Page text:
The brave first responders who entered the twin towers on 9/11 are heroes in every sense of the word.
On that day, the worst attack on our homeland since World War II, these first responders put their lives on the line by going into burning buildings to try to save innocent people’s lives after the cowardly attack. Many of them died in doing so.
We should always have the utmost respect for those who perished on that fateful day and for those who were lucky enough to survive. It has been estimated that 2,000-plus victims have since been killed by exposure to toxins during the recovery effort.
This is very sad, indeed. These are the first responders who survived the fiery towers as they fell, only to die later from toxins they inhaled while looking for survivors and clearing the debris.
One of those who was exposed to the toxins and fought hard for reauthorization of the Sept. 11 Victims Compensation Fund for first responders was Luis Alvarez, who became ill as a result of the toxins. He contracted cancer after toiling at Ground Zero and died June 29. Before he died, he testified before Congress in support of the measure. Since his passing, it has been announced that the bill will be named after Alvarez and Ray Pfeifer, another first responder. Pfeifer, of the Fire Department of the City of New York, died in May 2017 after an eight-year battle with cancer. He spent eight months digging through the rubble of the twin towers, including a week camped out in his fire truck immediately after the attacks.
We believe the naming of this legislation after these two heroes is very fitting.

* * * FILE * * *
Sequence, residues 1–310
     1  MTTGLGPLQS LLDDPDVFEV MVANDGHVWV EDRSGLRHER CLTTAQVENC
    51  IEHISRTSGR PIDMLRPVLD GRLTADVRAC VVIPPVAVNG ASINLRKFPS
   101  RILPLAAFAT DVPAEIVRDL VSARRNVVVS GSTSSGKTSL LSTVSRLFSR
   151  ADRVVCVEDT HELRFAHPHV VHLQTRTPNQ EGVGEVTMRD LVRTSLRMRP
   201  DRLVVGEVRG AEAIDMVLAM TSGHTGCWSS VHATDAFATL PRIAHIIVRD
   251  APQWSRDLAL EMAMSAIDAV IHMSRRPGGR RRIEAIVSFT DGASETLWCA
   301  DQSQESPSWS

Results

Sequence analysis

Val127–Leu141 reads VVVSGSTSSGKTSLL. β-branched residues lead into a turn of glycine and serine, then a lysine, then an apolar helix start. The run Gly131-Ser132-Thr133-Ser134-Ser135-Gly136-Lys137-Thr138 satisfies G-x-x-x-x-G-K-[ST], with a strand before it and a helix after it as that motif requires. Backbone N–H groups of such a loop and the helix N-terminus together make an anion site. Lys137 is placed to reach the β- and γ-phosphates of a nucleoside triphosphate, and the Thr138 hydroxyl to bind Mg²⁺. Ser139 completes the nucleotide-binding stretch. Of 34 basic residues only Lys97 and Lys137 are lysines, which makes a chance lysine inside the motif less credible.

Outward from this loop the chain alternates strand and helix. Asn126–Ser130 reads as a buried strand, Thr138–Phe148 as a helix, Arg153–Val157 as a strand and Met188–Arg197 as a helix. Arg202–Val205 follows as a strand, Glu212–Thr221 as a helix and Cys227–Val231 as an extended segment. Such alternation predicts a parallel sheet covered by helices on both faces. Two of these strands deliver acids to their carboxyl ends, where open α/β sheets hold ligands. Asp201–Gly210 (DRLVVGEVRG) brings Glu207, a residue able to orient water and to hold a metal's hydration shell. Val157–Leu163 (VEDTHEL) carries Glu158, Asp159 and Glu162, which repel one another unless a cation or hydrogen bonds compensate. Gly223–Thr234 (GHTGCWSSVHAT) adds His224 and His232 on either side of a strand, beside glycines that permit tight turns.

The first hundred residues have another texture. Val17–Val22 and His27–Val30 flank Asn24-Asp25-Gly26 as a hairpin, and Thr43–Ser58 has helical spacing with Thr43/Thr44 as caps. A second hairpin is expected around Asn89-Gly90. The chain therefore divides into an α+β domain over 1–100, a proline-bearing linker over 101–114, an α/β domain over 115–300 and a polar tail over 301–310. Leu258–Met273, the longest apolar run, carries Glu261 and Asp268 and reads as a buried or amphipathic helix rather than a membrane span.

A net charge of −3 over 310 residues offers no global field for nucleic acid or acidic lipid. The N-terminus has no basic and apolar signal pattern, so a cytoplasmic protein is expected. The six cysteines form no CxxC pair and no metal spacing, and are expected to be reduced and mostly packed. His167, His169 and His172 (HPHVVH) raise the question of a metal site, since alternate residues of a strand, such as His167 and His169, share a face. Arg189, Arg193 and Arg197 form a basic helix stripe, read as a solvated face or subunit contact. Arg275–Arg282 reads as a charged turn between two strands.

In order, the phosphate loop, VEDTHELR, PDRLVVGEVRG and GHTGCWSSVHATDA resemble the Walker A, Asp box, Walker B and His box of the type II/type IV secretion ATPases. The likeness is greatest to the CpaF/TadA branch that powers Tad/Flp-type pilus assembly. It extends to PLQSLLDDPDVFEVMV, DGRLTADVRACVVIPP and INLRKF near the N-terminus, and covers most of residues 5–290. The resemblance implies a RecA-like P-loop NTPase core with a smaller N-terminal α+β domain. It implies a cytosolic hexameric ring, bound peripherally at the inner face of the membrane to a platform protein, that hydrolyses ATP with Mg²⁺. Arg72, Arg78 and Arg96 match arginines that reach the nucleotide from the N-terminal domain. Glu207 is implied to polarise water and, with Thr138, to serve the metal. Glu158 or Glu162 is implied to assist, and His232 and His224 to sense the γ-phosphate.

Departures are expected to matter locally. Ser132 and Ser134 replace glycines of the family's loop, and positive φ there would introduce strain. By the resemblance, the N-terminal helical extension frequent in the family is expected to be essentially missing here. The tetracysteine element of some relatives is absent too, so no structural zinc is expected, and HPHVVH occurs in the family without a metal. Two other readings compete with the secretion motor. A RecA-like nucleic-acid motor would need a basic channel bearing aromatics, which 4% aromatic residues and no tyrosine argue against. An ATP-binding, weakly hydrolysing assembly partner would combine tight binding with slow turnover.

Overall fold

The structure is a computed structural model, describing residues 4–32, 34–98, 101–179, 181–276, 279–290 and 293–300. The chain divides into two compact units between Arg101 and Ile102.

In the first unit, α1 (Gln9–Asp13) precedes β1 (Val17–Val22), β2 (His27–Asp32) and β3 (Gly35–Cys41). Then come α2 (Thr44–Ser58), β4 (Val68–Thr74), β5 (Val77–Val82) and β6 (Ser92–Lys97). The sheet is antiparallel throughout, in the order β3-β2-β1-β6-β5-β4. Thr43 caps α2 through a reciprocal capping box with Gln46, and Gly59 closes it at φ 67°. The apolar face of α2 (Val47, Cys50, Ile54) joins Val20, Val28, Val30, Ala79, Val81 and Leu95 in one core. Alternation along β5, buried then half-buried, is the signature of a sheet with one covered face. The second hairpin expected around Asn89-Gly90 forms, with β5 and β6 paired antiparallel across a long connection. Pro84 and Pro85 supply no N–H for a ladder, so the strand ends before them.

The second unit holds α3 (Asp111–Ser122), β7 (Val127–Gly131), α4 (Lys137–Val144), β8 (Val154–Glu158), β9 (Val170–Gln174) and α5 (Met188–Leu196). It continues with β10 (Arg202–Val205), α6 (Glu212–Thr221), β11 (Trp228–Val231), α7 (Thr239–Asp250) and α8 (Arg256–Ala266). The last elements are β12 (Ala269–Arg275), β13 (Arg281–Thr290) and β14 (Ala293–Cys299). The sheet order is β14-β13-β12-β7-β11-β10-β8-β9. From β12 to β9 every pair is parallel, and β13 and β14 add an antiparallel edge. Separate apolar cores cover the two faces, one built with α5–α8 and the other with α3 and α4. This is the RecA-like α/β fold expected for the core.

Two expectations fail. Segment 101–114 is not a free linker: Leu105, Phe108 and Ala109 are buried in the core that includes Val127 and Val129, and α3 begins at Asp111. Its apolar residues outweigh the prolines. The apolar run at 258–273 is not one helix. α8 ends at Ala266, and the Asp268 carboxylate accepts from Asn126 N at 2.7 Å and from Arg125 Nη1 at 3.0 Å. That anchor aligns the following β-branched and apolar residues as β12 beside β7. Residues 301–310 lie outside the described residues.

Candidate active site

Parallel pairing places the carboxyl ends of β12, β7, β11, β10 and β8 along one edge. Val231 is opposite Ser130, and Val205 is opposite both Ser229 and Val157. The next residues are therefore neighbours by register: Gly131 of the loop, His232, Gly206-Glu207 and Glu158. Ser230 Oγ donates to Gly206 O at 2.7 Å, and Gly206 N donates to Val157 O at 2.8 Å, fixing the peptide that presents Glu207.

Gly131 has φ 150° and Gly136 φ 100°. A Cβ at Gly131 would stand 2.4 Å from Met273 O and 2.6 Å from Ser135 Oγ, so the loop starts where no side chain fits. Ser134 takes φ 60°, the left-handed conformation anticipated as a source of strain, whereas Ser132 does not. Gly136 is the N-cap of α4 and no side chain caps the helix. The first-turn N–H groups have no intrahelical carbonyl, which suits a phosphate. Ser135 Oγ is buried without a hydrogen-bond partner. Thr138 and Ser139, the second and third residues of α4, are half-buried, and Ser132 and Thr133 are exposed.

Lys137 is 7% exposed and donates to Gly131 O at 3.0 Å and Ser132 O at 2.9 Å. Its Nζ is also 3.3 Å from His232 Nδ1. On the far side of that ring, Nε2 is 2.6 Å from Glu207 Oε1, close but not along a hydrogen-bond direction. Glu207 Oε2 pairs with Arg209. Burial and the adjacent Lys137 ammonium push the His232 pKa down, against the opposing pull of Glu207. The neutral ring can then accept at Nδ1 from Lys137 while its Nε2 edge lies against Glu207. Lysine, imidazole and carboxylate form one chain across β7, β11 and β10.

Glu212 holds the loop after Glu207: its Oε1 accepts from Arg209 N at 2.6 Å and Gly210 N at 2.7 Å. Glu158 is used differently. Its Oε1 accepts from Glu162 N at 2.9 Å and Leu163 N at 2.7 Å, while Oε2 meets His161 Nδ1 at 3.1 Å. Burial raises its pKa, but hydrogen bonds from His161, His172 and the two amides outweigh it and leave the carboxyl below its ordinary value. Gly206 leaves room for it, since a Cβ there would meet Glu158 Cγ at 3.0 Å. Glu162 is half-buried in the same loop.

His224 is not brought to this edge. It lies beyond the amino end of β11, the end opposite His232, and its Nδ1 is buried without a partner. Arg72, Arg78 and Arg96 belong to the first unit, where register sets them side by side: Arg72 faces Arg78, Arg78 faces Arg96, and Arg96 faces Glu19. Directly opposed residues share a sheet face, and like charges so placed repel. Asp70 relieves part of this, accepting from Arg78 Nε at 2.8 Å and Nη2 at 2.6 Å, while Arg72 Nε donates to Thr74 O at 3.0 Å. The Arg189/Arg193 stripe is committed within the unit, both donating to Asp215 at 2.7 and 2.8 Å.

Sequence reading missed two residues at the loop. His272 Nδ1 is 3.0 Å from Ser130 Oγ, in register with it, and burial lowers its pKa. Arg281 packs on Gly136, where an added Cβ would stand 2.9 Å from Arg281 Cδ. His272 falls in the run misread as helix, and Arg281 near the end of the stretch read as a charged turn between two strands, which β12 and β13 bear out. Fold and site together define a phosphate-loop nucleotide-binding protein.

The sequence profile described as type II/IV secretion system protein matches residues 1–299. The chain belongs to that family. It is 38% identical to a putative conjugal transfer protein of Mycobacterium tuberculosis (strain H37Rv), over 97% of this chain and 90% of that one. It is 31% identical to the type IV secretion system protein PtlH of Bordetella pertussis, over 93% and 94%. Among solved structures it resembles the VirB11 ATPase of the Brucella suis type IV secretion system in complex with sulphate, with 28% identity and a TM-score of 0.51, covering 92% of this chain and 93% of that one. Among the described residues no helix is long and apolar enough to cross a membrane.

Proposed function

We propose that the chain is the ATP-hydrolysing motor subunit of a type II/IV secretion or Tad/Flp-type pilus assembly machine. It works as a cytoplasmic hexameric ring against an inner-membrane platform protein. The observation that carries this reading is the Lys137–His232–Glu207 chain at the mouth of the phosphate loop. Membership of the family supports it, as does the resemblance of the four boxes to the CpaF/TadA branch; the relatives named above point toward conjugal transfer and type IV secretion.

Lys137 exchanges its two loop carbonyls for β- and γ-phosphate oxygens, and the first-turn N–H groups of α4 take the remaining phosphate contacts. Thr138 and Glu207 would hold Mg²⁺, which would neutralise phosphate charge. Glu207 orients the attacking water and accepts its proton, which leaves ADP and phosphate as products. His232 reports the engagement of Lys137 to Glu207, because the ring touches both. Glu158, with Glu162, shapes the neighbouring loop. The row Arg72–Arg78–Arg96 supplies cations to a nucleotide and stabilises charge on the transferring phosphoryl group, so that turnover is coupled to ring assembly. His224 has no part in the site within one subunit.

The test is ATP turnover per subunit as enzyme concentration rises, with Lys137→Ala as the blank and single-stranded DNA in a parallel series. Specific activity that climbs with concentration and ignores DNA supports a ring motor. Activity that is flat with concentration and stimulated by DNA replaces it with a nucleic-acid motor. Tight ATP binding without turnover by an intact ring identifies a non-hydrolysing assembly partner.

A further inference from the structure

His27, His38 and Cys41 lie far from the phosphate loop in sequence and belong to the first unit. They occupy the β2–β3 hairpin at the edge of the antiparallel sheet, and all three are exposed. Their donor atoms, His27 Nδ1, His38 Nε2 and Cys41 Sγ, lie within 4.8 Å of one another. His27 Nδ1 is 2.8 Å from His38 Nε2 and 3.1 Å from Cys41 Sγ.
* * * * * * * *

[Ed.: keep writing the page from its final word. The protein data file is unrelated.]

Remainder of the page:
As we mentioned, the utmost respect should be given to all first responders who were in NYC on 9/11 and its aftermath. One might want to tell that, however, to New York Gov. Andrew Cuomo and New York City Mayor Bill de Blasio. They weren’t only no-shows at Alvarez’s funeral last week, they were also no-shows at a solemn ceremony May 30 to dedicate a Ground Zero memorial to the 2,000-plus victims killed by exposure to toxins.
The reasons for missing this brave man’s funeral? De Blasio was in Iowa campaigning for president. This makes no sense, as this is a man who has no shot of becoming president of the United States. Even if he had a shot, he should have cleared his schedule to attend the funeral for this brave man who gave it all on 9/11 and up until his death. Cuomo missed the funeral because he was too busy in Oceanside, Long Island. Cuomo was at Jones Beach State Park to take the first ride on a new zip line attraction there.
Both of these are far less important than actually showing up to a funeral and paying your respects to a American hero from a city and a state they lead.
This is very telling about both men. It really is a sad day when you have a governor and a mayor of a city where the worst attack on our soil in over 60 years took place and they cannot attend the funeral for someone like Alvarez.
We think it’s a slap in the face to all 9/11 victims and their families and especially to Alvarez. Hopefully, the voters of that state will remember this when election season rolls around again.